Thereafter, the composite foil 7 d is heated up to a temperature at which the high melting point metal layer 160 side is melted, and the semiconductor element 1 its rear metallized with Ti/Ni/Au is supplied onto the metal layer by means of a mounter 310 as shown in FIG. 14D. In this case, the power semiconductor element 1 is supplied while pressing and scrubbing it as shown in FIG. 14E, whereby wetness is assured and voids are evacuated at the same time. After the die-mount-connection, the resulting product is held at 350° C. for 10 min., whereby the metal having a melting point of 260° C. or lower is allowed to react with the metal having a melting point of 260° C. or higher to make the connection layer to be an intermetallic compound so that a high melting point is attained in the resulting metallic compound.

In the power semiconductor element 1 die-mount-connected by means of the metal joint section 7 which is made to have a high melting point, then, an electrode formed on the upper surface of the power semiconductor element 1 is bonded to leads 5 using Au wires 4 as shown in FIG. 14F. Furthermore, the power semiconductor element 1 a, the lead frame 2, the metal joint section 7, and the wire 4 are sealed by using an epoxy-based resin 6 as shown in FIG. 14G. As a result of applying the above-described process, the semiconductor device 8 is manufactured.

For the power semiconductor package thus fabricated in this manner, as indicated in examples 24 and 25 of Table 2, to twenty packages each of these conditions a temperature cycle test for 500 cycles of −55° C.(30 min.)/150° C.(30 min.) was implemented. Concerning the conditions in appearance of chip cracks, no chip crack appeared in all of the examples 24 and 25 as indicated in Table 2.

When the sectional view of the connection is observed, no crack appeared in any of Si, in the metallic compounds, and in the Cu/Invar alloy/Cu. It was found that the thermal stress due to the temperature cycles is buffered by means of the metal layer in the Cu/Invar alloy/Cu, so that the metal joint section 7 has sufficient connection reliability.

Although there is not indicated in Table 2, the test wherein the metal layers 100, 160, and 170 constituting the composite foil 7 d are variously changed was conducted by the present inventors. It was found from the results obtained by the above-described test in combination with the results shown in examples 24 and 25 in Table 2 that the connection layer 230 formed on the semiconductor element side of the metal layer 100 having a function to act as a stress buffering layer is constituted by a Pb-free solder layer of such as Au—Sn-based alloys, Au—Ge-based alloys, Au—Si-based alloys, Zn—Al-based alloys, Zn—Al—Ge-based alloys, Bi, Bi—Ag-based alloys, Bi—Cu-based alloys, Bi—Ag—Cu-based alloys having a melting point of 260° C. or higher to 400° C. or lower, while the connection layer 240 formed on the lead frame side of the metal layer 100 functioning as a stress buffering layer is made to have a constitution made of an intermetallic compound having a melting point of 260° C. or higher which is formed by the reaction of one of Sn, In, Sn—Ag-based, Sn—Cu-based, Sn—Ag—Cu-based, Sn—Zn-based, Sn—Zn—Bi-based, Sn—In-based, In—Ag-based, In—Cu-based, Bi—Sn-based, Bi—In-based and the like Pb-free solders having a melting point of 260° C. or lower with at least one of metals of Cu, Ag, Ni, and Au at the time of die-mount-connection, whereby the die-mount-connection by which sufficient connection reliability can be assured is achieved without accompanying appearance of any chip crack by applying these Pb-free solders.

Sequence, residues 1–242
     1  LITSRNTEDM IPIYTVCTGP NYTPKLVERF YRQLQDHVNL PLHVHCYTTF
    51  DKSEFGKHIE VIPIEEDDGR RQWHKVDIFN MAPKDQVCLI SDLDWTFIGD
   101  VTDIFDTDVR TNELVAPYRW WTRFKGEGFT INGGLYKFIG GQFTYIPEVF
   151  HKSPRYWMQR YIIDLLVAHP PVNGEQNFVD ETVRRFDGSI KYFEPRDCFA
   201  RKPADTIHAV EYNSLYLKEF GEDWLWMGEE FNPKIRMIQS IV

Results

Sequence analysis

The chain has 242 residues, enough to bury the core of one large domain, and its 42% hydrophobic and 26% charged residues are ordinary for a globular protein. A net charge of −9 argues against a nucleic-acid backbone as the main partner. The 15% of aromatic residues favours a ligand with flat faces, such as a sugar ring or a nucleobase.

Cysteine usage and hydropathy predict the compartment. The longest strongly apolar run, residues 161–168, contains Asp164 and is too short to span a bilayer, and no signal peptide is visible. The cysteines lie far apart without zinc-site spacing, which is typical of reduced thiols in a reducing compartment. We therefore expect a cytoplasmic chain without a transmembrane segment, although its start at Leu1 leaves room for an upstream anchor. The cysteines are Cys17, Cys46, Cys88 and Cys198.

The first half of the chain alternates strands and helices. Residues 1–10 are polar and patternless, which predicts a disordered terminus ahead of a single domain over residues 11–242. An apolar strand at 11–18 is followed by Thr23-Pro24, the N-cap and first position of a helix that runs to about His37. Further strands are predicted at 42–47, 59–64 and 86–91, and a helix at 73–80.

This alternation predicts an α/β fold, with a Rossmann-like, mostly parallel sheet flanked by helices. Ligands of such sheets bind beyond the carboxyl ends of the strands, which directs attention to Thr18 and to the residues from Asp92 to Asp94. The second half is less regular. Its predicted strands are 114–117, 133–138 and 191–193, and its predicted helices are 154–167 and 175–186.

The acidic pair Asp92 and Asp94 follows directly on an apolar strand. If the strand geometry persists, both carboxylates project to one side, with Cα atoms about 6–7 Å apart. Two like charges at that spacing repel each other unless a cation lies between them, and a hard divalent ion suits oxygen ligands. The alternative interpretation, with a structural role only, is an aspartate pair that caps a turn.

Moreover, the die-mount-connection wherein the composite foil 7 d described in the present embodiment was effective in the case where the die-mount-connection is applied to the semiconductor device 8 such as the power semiconductor device 8 b having the strap type structure shown in FIG. 11.

Embodiment 8

In the configuration described in a present embodiment 8, in a metal joint section 7 for joining a power semiconductor element 1 a to a lead frame 2 being the substrate, as in the case of the above-described embodiment 6, connection layers 250 and 260 which differ from one another are formed sandwiching a metal layer 100 having a stress buffering function, as shown in FIG. 16A. The configuration of the present embodiment may be applied to the power semiconductor devices 8 a and 8 b having their configurations shown, for example, in FIGS. 4 and 11, respectively, as in the case of the above-described embodiment 6.

Such metal joint section 7 is formed by using a composite foil 7 e as shown in FIG. 16B. The composite foil 7 e is configured to have a metal layer 180 made of a Pb-free solder having a melting point of 260° C. or lower and a metal having a melting point of 260° C. or higher provided on the side where the metal layer 100 having stress buffering function a layer is connected with the semiconductor element, and a metal layer 190 made of a Pb-free solder having a melting point lower than that of the metal layer 180 and a metal having a melting point of 260° C. or higher provided on the side where the metal layer 100 is connected with the lead frame 2, as shown in FIG. 16B.

The metal layer 180 is configured, as shown in FIG. 16B, such that a metal layer 180 a having a melting point of 260° C. or higher is provided on the upper surface of the metal layer 100, and a metal layer 180 b made of a Pb-free solder having a melting point of 260° C. or lower is further laminated on the metal layer 180 a. The metal layer 190 is also configured, as shown in FIG. 16B, such that a metal layer 190 a having a melting point of 260° C. or higher is provided on the upper surface of the metal layer 100, and a metal layer 190 b having a melting point of 260° C. or lower made of a Pb-free solder having a lower melting point than that of the Pb-free solder composing the metal layer 180 b is further laminated on the metal layer 190 a.